We cannot know how far we would go out of love for someone before being already beyond the point of no return, as happens to the protagonists of this hallucinating 2014 movie, Alleluia.
Everything starts with a simple blind date, where his manners and mysterious charisma immediately enchant her, a single mother with a disastrous marriage behind her.
The next day, he disappears after asking her for some money for an urgent business he claims to have pending.
After that one night of passion, she falls into depression, returning to her unsatisfying life and the dull job with corpses in a hospital morgue.
However, she decides not to give up, searching at various clubs in the city until she finds him intent on courting other girls from whom he could squeeze money, just as he had done with her.
Initially, she confronts the man in anger, insulting and attacking him, yet he manages to soften her up, and they make love together again.
By now, it is impossible to break off this relationship that has rekindled her life, so she tells him that he can safely continue to con other women as long as he stays with her.
Intrigued by this strange proposal, he agrees and involves her in the criminal seduction routine that, as he says, is something he has been doing since his childhood.
Apparently, she helps him and even enjoys what he does, although when she spots him making love to another woman, she has a murderous rapture and brutally kills her.
Initially shocked by this sudden outburst of violence, the man soon becomes accustomed to this new kind of even more perverse routine.
Thus, from this strange romance comes a serial killer duo who solves their problems and finds happiness only in other people’s blood.
The unmanageable madness of love
Although we wish people as in this movie did not exist, 2014’s Alleluia was inspired by the feats of two vicious serial killers from the 1940s, Raymond Fernandez and Martha Beck.
These lovers and killers lured their many victims through sentimental ads, posing as brother and sister looking for opportunity, finally ending up sentenced to death in the early 1950s.
Building on this foundation, Fabrice du Welz constructs an atypical horror romance without bothering to sugarcoat the story’s violence for the viewer, shoving reality in our faces like a bucket of ice water.
These modern-day Bonnie and Clyde, while clearly psychopaths, are depicted in all their human weakness and loneliness.
She is a woman unable to overcome a miserably failed marriage, smoldering under the ashes the flames of uncontrollable rage.
On the other hand, he is a charming womanizer with an insane (perhaps even incestuous) childhood with a mother from whom he learned the subtle art of pleasing and seducing women.
These two worlds merge into a single universe of madness, murder, and wild sex; alternating love and hate in a relationship that always seems on the verge of breaking tragically.
However, the director skillfully makes the most of the low budget, alternating different styles of direction, photography, and lighting in a merry-go-round of realism and surrealism bordering between dream and horrific reality.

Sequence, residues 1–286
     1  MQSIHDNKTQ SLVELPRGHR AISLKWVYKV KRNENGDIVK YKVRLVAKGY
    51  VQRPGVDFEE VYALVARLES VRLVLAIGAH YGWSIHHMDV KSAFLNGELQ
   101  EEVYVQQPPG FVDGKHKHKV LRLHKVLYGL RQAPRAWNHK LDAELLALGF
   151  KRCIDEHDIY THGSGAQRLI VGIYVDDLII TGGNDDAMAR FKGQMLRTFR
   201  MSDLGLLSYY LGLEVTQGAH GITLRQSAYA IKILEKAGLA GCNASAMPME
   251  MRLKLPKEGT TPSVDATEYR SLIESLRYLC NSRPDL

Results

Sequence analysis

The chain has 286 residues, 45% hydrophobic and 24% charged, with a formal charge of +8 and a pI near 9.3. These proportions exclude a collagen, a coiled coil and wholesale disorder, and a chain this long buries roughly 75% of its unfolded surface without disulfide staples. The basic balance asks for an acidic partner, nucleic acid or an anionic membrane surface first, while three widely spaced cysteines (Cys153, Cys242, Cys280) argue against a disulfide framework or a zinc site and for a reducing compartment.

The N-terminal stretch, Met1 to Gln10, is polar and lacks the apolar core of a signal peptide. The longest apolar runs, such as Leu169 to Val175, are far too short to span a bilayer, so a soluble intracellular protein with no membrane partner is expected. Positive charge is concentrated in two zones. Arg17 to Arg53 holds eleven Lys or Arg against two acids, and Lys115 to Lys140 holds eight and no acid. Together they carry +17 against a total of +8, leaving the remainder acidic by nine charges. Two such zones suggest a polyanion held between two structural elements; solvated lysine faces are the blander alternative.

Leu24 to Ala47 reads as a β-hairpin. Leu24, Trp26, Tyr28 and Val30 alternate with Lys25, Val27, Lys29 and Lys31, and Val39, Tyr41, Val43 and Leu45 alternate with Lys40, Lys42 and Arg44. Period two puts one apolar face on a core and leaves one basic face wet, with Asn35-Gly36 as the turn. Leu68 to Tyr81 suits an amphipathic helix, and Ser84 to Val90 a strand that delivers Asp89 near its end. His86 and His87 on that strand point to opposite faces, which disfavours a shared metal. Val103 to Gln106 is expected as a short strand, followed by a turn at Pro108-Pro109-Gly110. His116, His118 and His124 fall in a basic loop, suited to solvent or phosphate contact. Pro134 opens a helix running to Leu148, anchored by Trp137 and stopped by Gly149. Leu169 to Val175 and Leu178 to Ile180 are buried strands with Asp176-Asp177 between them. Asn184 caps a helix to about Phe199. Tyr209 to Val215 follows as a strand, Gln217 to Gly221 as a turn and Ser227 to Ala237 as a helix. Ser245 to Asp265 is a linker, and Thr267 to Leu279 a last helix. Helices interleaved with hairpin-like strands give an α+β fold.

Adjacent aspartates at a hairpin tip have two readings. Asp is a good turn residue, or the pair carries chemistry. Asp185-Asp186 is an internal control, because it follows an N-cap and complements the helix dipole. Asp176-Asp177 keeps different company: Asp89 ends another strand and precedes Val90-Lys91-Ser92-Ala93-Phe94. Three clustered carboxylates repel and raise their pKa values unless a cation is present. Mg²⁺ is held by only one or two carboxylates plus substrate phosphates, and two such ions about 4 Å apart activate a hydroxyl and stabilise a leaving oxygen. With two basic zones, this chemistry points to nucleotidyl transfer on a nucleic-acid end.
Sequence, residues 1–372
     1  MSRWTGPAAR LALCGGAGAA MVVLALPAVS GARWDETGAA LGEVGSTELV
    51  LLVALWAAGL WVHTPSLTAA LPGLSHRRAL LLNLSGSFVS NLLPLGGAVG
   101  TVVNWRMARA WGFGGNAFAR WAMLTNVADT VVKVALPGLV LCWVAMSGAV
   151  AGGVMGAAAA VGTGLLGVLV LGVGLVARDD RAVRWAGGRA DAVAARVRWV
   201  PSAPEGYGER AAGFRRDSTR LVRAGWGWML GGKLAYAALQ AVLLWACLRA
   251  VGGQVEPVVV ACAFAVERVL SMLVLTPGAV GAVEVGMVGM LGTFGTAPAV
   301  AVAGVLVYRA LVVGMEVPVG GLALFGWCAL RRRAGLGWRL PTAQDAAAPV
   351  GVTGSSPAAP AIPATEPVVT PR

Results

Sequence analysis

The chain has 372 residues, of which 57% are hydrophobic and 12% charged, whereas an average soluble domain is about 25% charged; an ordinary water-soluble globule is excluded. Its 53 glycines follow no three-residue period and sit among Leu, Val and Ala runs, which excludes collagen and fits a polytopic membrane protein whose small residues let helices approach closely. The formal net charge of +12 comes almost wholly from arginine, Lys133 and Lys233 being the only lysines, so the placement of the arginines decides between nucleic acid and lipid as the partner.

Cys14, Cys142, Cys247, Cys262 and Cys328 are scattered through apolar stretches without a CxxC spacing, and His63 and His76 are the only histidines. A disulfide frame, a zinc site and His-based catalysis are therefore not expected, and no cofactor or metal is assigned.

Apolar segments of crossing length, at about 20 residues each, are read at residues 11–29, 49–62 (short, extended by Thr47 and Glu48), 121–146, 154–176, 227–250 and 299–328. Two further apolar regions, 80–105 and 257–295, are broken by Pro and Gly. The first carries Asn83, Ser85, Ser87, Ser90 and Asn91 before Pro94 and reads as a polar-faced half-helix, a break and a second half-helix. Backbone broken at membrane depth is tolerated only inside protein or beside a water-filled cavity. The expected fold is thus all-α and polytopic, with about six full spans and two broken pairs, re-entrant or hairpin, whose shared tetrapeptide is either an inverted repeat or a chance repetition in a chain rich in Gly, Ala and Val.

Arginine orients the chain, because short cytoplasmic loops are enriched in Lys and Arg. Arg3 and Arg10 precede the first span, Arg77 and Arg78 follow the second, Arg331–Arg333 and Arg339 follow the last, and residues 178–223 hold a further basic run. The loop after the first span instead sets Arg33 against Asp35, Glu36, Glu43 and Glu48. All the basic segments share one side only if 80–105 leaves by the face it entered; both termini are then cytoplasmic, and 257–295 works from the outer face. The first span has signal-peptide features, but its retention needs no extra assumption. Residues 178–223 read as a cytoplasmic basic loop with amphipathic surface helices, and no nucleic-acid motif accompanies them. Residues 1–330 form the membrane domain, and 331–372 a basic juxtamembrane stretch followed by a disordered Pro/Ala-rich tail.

Therefore, this movie’s shape is as shifting as these characters’ moods, rising and falling in tension until an epilogue which, despite being cruel, is almost as sweet as a musical.
I certainly don’t expect everyone to like this movie; it will shock some people’s sensibilities, although they will also admit that it differs wildly from the usual serial killer thrillers we are used to.
Acting and catharsis at the highest level
Besides the excellent and original directing and screenplay work, Fabrice du Welz wisely chooses the two leads for this bizarre love story.
Lola Dueñas delivers a performance of total catharsis, a fearful rainbow of mental and physical emotions; we see changes on her face and body.
Depending on the situation, sometimes she appears to be a beautiful and happy woman. Yet, within seconds her eyes become distant and fierce like a monster emerging from the darkness of hell.
However, from the first seconds in the morgue, we feel something strange about her in how she stares macabrely at a corpse lying on her table.
Laurent Lucas is equally good in this women’s charmer role, who, however, is not really dangerous until he meets the unsuspecting soul mate.
At that point, we see how this man completely abandons his last remnants of conscience and morality, releasing that dark inner side he did not yet know.
As mentioned, the relationship between these two characters is absolutely dysfunctional, going from total complicity and romantic intimacy to the impossibility of communication and understanding.
Among all their victims, I want to name Héléna Noguerra, a beautiful young widow who creates the first real problem in the murderous routine of these serial killers.
Indeed, the protagonist revises herself into this single mother, suffering from how she sometimes scolds her daughter for no reason.
I want to keep the ending, although I have already mentioned that it is a fascinating and scary sequence at the same time, edited slowly to the beat of wonderful music like a hallucinated music clip.
Alleluia is a catalog of mediocre and depressing human situations, split into chapters with women’s names making it a 2014 novel movie to flip through scene after scene.